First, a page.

Lasell by the Numbers
total new undergradute students. ’ largest in history. Lasell’s
BRANDON CHASE managing editor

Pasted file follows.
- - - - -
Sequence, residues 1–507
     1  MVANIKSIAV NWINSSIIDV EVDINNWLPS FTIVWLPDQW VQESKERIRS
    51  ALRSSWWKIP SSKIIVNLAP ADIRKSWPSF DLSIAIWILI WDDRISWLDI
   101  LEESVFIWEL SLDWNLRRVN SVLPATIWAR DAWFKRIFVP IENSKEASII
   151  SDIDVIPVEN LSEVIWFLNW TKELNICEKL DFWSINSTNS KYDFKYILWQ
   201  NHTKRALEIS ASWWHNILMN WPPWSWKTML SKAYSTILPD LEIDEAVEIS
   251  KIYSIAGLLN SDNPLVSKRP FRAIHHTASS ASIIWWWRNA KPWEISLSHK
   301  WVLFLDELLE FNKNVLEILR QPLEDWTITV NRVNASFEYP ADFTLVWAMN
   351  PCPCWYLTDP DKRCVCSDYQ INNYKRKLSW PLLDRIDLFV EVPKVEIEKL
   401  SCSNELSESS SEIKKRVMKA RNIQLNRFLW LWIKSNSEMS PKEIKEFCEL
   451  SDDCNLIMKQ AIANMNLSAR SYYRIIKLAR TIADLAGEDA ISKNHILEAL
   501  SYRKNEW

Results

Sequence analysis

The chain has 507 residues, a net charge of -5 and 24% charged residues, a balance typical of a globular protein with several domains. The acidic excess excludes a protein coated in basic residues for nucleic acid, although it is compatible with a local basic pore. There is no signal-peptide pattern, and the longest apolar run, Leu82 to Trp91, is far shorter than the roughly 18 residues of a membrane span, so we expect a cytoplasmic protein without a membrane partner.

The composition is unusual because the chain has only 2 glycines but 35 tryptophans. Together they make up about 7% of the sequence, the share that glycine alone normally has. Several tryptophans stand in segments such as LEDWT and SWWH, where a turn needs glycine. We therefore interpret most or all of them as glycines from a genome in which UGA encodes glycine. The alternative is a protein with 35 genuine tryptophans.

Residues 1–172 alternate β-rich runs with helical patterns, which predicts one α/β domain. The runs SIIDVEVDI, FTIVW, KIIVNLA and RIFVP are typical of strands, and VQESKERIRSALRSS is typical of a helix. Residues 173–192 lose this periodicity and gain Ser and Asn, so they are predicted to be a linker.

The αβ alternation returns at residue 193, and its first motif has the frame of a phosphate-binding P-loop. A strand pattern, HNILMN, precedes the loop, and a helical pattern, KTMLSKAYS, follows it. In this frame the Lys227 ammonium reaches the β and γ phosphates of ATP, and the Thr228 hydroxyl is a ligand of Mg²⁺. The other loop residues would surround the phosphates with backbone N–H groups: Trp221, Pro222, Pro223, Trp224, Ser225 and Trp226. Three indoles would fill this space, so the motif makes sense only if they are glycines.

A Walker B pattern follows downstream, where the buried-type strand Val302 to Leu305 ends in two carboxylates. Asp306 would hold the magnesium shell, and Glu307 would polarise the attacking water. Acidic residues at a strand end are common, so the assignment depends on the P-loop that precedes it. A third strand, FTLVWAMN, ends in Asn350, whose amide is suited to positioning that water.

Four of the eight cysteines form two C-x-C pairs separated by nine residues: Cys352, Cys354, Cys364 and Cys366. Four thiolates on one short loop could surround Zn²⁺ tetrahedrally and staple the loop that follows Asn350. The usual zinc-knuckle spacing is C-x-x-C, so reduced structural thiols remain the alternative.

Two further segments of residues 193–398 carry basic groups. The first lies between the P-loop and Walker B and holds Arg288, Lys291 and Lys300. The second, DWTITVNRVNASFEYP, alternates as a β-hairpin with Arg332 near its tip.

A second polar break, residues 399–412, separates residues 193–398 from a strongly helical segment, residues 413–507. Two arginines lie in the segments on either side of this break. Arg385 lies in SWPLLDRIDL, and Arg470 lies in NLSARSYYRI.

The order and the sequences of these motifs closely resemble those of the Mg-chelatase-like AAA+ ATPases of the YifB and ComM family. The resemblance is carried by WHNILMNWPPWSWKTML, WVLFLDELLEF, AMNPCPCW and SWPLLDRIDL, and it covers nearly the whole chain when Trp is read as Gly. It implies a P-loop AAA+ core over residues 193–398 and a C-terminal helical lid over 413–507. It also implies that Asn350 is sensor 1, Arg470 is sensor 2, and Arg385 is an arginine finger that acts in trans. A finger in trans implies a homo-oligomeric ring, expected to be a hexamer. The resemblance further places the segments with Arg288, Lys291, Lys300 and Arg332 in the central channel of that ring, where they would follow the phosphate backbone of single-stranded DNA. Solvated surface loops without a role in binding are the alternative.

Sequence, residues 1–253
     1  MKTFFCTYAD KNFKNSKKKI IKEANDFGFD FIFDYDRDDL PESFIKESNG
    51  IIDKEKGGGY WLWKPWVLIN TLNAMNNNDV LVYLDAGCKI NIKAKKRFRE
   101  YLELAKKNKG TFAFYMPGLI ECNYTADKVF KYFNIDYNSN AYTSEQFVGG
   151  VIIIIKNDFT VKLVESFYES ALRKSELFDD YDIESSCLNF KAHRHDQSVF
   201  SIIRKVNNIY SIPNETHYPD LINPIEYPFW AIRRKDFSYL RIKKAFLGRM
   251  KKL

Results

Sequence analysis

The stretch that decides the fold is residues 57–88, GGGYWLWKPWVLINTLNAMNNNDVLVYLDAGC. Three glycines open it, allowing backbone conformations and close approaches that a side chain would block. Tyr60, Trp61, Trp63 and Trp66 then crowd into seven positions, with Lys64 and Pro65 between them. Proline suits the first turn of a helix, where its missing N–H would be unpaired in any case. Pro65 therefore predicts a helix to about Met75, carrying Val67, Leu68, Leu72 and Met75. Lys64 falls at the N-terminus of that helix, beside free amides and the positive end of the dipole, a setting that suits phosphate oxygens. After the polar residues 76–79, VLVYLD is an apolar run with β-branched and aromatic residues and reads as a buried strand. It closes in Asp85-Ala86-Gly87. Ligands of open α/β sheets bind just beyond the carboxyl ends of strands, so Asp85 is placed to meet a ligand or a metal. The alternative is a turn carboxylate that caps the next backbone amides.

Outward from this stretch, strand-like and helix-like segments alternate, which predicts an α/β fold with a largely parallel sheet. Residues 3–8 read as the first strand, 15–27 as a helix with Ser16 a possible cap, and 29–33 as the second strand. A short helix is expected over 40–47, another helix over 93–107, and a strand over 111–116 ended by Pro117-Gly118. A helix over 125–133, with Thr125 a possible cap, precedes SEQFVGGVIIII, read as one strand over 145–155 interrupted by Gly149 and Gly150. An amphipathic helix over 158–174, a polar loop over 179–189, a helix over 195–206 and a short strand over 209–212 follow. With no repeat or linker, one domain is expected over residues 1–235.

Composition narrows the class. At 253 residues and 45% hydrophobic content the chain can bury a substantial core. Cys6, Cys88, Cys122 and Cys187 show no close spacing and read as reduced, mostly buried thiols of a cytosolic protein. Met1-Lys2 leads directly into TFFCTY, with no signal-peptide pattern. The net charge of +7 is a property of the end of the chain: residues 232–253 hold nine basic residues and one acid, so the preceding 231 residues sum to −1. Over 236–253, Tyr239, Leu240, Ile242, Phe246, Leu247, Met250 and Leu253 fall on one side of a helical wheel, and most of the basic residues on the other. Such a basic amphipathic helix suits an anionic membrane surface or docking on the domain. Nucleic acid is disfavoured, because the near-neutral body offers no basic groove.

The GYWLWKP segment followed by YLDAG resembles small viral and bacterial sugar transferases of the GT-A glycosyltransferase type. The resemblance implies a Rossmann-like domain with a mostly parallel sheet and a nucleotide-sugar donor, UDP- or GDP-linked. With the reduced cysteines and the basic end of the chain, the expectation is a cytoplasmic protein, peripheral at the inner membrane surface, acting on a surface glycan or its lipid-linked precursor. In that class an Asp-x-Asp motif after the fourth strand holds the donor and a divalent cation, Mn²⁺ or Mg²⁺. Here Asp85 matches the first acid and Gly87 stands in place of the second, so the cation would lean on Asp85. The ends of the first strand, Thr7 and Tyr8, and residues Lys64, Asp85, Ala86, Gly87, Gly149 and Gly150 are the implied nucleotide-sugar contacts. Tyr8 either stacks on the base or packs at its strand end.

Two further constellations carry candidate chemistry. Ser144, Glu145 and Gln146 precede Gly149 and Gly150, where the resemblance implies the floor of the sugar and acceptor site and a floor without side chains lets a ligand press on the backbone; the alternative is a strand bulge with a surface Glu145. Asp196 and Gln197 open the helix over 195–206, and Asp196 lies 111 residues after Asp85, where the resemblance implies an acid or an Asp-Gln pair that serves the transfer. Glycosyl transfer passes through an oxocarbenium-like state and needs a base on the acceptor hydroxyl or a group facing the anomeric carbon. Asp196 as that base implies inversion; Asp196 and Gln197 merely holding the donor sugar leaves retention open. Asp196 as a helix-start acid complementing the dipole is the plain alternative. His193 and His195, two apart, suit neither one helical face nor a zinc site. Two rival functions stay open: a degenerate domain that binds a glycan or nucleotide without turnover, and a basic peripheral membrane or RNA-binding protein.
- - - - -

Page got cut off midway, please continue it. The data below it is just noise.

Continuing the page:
Emotions can run wild for freshmen in their first semester of college. During the course of those first 14 weeks, some will embrace their new environment with excitement, fueled by the freedom of being away from home for the first time. Others might be afraid to adapt to changing surroundings. But whatever attitude first-years may have toward starting college, the key to success over the next four years is to focus on the future. Graduation might seem like a long way away for the class of 2016, but it’s the ultimate goal of the college experience. And even though every student will face challenges before walking across the stage with their diploma, many freshmen confuse difficulties with what are mere inconveniences. College may provide students with a vast variety of options in academics, student clubs and organizations, athletics and more. Lasell does an excellent job of catering to its students’ needs, but the institution, like any other college or university, does not have the capacity to offer everything. Colleges don’t have a secret, video-gamelike cheat code that unlocks an infinite amount of every resource. Don’t allow your first impression of Lasell to be made because you couldn’t sign up for the Boston Harbor cruise, or you didn’t get placed in the residence hall you wanted. Compared to what Lasell can offer to help students reach their goals, instances like that are inconsequential. A bad roommate or not getting all your classes during registration doesn’t reduce the chances of obtaining that dream internship or getting a degree. Situations like these happen to everyone during their college career. Don’t blame them solely on Lasell. At orientation in June, motivational speaker Ed Gerety talked about how getting the most out of a college experience is about with who you surround yourself. Get to know the types of classmates and faculty members who want to boost school spirit and help you accomplish your goals. Stay away from the complainers. They’ll only bring you down with them. During these next four years, take advantage of Lasell resources that truly help you succeed, especially its dedicated, well-connected faculty. Three years ago, I was the scared, silent freshman afraid to immerse myself in the Lasell community. Now, this school has given me that dream internship at NESN, leadership positions in two of the largest campus organizations, and the confidence to enter the workforce and do it with success. Nothing has changed my life so much in such a short amount of time than my experience here. My biggest piece of advice to freshmen is this: the next time you find yourself complaining or discouraged because you are put in an unfavorable situation, something that might have you disliking Lasell, all you need to do is ask yourself a question. Will this disrupt my goal of getting a college degree? If the answer is no, then don’t dwell on it. Keeping a laser-like focus on the future is the key to college success.